It was an Indian reality TV show, and the show wasn’t associated with the Pirates; the winners got a tryout, and the Pirates signed them from there.

        I just realized that Rinku Singh isn’t listed on the State College roster, so I don’t know if he’s still in the system, but he might be.

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  7. Luke in MN says:

    I think by a similar logic, a lot more Americans should be succeeding at soccer on the international level. It’s not just demographics and economics; it’s building the infrastructure over generations and then getting the sport popular enough to compete with other sports for the best athletes.

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    • IAgreeWithLuke says:

      The Dominican Republic doesn’t produce a lot of baseball talent because of ppoluation or economy. Nor because MLB decided arbitrarily to build some academies there. It’s becuase baseball is very much a part of the culture. If all it takes to be a talent pool is a big population, how does Canada maintain the top rung in hockey, why is Australia America’s only rival in men’s swimming, and how come Norway dominates cross-country skiing? Where would you rather invest your ski scouts (if there were such thing) – in Norway or India?

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      • The same argument works in reverse, though: Baseball is not big at all in Australia, yet they are 5 Aussies in the MLB (per the above Bizball link).

        A strong baseball culture, yes, is more likely to produce more top athletes because they won’t be diverted to other sports. But a weak baseball culture will still produce top athletes, relative to its size.

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      • Antonio Bananas says:

        Bradley, you’re talking about an outlier. Plus Australians and Americans are more similar in culture in general than Asians and North Americans. Really, Latin Americans and North Americans are closer than North Americans and Asians. It’s not just that these are places on different parts of the world. Think of it like this, I live in Missouri, it wouldn’t be a HUGE adjustment for me to move to Australia. Yea, missing family, friends, etc. However, the culture is similar enough that I wouldn’t have to totally change myself. If I moved to China I would.

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  8. bc says:

    Think of how many midgets China must have!

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  9. Naveed says:

    Best dick joke I’ve read in quite a while.

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  10. World's first openly-gay SABRist says:

    What about good ole American blacks?

    Sign up the ones who are getting football scholarships and yet aren’t good enough for the NFL: Less concussions for them, more leveraging inefficiencies for us.

    Brandon wins! America wins!

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  11. Richard Gadsden says:

    Excellent article.

    I think you may have got the effect of cricket on baseball recruitment in India backwards, though. Cricket is huge in India. The IPL pays multi-million-dollar salaries to top players, and only plays for two months. For just that short season, 10 teams spread $9m (salary cap) across a roster limited at 20 players (they only play 11 in a game, and there isn’t really a rotation).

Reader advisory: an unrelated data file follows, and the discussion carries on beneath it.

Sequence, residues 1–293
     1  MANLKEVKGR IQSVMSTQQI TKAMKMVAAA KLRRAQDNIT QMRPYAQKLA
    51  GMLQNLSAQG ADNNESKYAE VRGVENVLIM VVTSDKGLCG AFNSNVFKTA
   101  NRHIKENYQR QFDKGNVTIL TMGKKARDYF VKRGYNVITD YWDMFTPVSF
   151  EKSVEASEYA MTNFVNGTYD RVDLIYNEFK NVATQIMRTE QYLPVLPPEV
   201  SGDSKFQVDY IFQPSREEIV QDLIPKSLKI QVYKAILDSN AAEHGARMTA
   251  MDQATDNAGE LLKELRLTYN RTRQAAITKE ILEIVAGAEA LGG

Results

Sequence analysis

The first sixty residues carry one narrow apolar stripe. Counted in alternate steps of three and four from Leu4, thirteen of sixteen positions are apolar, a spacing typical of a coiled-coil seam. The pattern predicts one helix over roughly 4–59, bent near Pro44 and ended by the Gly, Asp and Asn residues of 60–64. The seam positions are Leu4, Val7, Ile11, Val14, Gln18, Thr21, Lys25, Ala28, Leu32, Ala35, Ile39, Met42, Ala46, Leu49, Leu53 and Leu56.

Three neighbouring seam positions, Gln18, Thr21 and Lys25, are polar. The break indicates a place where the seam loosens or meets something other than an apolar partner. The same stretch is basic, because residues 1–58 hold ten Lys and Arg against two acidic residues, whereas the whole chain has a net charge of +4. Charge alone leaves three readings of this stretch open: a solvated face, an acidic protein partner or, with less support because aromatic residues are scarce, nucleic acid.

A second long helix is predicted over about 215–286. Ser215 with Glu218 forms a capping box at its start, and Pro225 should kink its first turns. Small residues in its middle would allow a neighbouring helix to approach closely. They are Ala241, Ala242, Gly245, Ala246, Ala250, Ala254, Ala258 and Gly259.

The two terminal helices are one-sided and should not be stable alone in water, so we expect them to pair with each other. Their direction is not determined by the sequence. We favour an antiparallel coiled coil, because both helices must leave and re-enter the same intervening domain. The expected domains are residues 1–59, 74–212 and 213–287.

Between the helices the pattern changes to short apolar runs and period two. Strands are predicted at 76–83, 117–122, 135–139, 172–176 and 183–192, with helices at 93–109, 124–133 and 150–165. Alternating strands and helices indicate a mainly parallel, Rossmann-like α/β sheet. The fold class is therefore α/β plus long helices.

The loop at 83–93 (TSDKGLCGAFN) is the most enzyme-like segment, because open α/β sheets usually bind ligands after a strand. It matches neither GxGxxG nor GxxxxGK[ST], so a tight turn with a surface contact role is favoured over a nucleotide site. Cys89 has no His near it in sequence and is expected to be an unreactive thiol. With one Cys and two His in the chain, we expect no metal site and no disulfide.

Add on endorsements and what they earn from the rest of the year, and lots of players make millions of dollar. The best paid is Tendulkar, who is on about $8m (including endorsements).

    With that kind of money – and there are lots of million-dollar salaries around – it’s going to be hard for baseball to attract potential players away from cricket. Especially as the cricketers are on Indian TV all the time, and will be the heroes of the boys you’re trying to recruit – and bear in mind that as India gets richer, so the TV rights and the ticket prices go up, which means the players just earn more and more.

    If baseball is ever going to recruit in India, what it will need to do is to work out what sort of player won’t make it in cricket but will in baseball and then recruit them out of the cricket development system.

    In cricket, you need terrific bat control – hitting the ball hard is nice, but there’s much less margin for error (none of this three strikes wussiness; you can be out on any pitch, plus you’re expected to get 35 runs for every out); sluggers with a low batting average would not be very useful. You can use someone that hits .250 with 30 homers in baseball. That’s one category of player you’d want to convert.

    I suspect you could get some great defensive shortstops who can’t hit much – you do see amazing diving catches, but those players are still really in the team for their hitting.

    Pitching and bowling are so far apart that I’m not sure who converts. The obvious thing is to look for anyone who is in trouble for “chucking” (using the elbow to get more on the pitch – which is, of course, legal in baseball). Other than that, I don’t know, but I suspect that a baseball scouting operation could work out what types of players convert over a few years.

    The players who will become star cricketers, even if they would convert to baseball, you’re simply not going to get, because they will choose to be rich and famous to their own hometown, rather than rich and no-one at home has ever heard of them.

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    • Excellent insight! Thanks for sharing!

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    • Nick Rogers says: